The test of an adventure is that when you are in the middle of it, you say to yourself, "Oh, now I've got myself into an awful mess; I wish I were sitting quietly at home." And the sign that something is wrong with you is when you sit quietly at home wishing you were out having lots of adventure. -Thornton Wilder

The nice thing about being confused is you get a chance to notice things a lot better than if you knew where you were going.

Life begins at the end of your comfort zone.

Saturday, September 8, 2012

You Can Never Go Back


Well you can, just don't have any expectations on any level.

I visited the little town of Tindall (pop. 65) 6 miles north of Trenton, Missouri.  Here is where my great-grandfather lived and ran a little grocery/hardware store.  His son, my uncle Bill lived in the town also.  The only redeeming factor of the visit was that the store building still stands.  It briefly changed to a furniture store but has since been locked up for decades.

I wasn't to disappointed with the store but the town as a whole was deplorable.  Only one out of every ten little houses looked cared for by their owner.  More cars sat abandoned where they died, than there were cars functional.  What a depressing place to come home to.  Tindall is that place "across the tracks".

When I visited as a young lad (under ten years of age) we stayed in this house next door while the owner was away.  It was the first and only time I slept in a feather bed.  I remember too the owner had a photo hanging on the wall of someone lying in a casket.  I was fascinated by that picture even if I had to sleep directly under it.  Imagine a picture perfect pretty little white house, covered front porch with a white picket fence, this is it.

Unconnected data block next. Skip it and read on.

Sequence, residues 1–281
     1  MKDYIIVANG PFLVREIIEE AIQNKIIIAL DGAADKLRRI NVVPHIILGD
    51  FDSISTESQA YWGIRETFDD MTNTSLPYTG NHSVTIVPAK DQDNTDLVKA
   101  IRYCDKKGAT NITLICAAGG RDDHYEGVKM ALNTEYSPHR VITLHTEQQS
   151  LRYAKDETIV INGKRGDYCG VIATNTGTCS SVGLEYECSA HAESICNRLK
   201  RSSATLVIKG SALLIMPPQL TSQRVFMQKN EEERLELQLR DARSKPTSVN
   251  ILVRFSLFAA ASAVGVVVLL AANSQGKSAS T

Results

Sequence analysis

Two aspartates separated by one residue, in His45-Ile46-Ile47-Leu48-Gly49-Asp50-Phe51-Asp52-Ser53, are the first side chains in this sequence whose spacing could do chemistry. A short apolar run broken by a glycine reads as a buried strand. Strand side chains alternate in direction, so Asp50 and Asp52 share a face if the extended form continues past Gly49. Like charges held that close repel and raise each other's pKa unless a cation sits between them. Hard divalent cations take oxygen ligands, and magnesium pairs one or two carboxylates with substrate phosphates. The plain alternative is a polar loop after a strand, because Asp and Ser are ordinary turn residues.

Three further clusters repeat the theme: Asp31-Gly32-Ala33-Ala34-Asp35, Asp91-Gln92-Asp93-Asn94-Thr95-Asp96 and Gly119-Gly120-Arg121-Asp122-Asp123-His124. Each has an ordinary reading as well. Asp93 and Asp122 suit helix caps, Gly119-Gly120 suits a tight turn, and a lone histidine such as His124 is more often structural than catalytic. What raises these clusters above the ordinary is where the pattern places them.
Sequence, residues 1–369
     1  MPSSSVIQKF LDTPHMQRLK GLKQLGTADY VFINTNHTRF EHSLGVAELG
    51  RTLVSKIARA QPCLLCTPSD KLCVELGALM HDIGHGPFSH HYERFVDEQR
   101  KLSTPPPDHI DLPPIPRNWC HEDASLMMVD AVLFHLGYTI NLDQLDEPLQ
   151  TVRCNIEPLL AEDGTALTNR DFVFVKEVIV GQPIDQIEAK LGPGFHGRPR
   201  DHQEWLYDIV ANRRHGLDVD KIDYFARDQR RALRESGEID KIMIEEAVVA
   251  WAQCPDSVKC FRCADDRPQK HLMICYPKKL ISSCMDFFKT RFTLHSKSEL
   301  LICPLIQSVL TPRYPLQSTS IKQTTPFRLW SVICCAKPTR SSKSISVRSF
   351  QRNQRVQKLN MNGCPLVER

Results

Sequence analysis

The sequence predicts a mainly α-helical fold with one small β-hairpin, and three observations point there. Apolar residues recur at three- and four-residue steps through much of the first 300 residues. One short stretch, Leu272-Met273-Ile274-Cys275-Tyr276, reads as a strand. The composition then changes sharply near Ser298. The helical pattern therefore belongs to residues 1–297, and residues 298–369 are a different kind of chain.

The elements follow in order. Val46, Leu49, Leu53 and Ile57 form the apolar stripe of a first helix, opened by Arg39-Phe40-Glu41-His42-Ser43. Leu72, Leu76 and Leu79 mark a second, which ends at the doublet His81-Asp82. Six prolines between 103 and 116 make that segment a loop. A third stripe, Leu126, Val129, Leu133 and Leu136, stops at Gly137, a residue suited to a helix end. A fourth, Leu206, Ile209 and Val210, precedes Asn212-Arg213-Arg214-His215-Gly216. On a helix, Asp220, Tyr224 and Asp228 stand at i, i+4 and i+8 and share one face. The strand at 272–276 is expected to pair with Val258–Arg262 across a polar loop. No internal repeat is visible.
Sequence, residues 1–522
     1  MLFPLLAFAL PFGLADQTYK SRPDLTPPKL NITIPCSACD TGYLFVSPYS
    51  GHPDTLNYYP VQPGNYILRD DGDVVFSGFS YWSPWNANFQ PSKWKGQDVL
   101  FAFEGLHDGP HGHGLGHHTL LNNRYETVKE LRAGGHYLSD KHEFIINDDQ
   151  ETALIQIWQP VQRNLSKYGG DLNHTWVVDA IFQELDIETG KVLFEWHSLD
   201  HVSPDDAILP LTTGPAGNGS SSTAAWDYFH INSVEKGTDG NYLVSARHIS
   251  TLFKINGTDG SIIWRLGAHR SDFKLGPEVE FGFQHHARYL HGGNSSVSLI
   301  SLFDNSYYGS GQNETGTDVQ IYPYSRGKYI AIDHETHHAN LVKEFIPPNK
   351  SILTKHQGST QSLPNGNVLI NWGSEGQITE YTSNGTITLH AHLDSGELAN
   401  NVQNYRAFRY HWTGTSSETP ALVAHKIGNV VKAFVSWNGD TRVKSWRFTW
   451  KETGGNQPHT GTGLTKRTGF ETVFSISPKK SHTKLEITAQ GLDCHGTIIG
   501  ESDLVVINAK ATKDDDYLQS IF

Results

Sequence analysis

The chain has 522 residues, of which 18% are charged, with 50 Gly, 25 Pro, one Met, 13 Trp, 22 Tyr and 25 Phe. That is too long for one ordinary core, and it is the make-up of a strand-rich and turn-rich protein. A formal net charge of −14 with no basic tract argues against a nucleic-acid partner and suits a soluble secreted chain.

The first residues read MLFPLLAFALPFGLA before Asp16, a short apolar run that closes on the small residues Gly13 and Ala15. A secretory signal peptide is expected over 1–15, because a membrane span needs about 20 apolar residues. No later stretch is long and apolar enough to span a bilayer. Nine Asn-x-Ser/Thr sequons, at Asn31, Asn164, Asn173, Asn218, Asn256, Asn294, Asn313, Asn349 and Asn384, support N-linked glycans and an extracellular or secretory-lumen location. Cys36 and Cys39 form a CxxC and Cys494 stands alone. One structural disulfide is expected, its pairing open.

Across the road was my great-grandfather's home, a simple little farm house with an outhouse in back.  This place stands there now and bears no resemblance to it at all, believe me.  This very well was the finest home in Tindall.  I can only guess that the original house was torn down or burned and this new one was built on the same location.  And whoever built it has since moved on for whoever lives there now, doesn't care.

The town was dead.  I saw no one out and about that I could talk with.  Feeling fairly depressed, I was on my way out and planned to stop to take a photo of some trailer trash when I happened upon this sign leaning up against a building.  That is my Uncle Bill!  The sign was so worn and weather-beaten that I was unable to make out what kind of business he was running.  A house nearby had the front door open.  I went up and knocked.  No answer.  In Tindall you can go off and leave your home unlocked; doors open without a care.  Well, they have that going for them.


With my spirit lifted, the short trip to Tindall was now worth it.

Well, while fixing the above photo I could now see "EAGLE CERAMICS" had been painted over his name.  While there I could make out "greenware" on the bottom left and "instructions" to the right.  With the photo fixed I can make out "firing" above it.  Inside the broken window on the side I could see 100's of small clay figures on shelves.  Now it makes sense.  Someone who had a ceramics business in this building painted over a sign my Uncle Bill had made for some reason, maybe at his home.